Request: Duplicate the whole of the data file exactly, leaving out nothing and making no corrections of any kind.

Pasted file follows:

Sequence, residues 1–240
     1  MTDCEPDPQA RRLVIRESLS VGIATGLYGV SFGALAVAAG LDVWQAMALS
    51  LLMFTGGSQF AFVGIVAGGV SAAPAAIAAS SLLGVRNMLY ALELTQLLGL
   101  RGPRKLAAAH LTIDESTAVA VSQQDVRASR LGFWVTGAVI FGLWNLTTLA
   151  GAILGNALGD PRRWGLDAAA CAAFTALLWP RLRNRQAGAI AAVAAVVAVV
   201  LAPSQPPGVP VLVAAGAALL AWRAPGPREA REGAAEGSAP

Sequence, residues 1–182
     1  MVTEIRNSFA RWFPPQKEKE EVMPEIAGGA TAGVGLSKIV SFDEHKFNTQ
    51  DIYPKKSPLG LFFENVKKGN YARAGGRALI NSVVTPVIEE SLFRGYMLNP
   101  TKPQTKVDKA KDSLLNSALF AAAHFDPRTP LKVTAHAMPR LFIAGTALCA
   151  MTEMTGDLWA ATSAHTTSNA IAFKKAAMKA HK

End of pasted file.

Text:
Sequence, residues 1–240
     1  MTDCEPDPQA RRLVIRESLS VGIATGLYGV SFGALAVAAG LDVWQAMALS
    51  LLMFTGGSQF AFVGIVAGGV SAAPAAIAAS SLLGVRNMLY ALELTQLLGL
   101  RGPRKLAAAH LTIDESTAVA VSQQDVRASR LGFWVTGAVI FGLWNLTTLA
   151  GAILGNALGD PRRWGLDAAA CAAFTALLWP RLRNRQAGAI AAVAAVVAVV
   201  LAPSQPPGVP VLVAAGAALL AWRAPGPREA REGAAEGSAP

Sequence, residues 1–182
     1  MVTEIRNSFA RWFPPQKEKE EVMPEIAGGA TAGVGLSKIV SFDEHKFNTQ
    51  DIYPKKSPLG LFFENVKKGN YARAGGRALI NSVVTPVIEE SLFRGYMLNP
   101  TKPQTKVDKA KDSLLNSALF AAAHFDPRTP LKVTAHAMPR LFIAGTALCA
   151  MTEMTGDLWA ATSAHTTSNA IAFKKAAMKA HK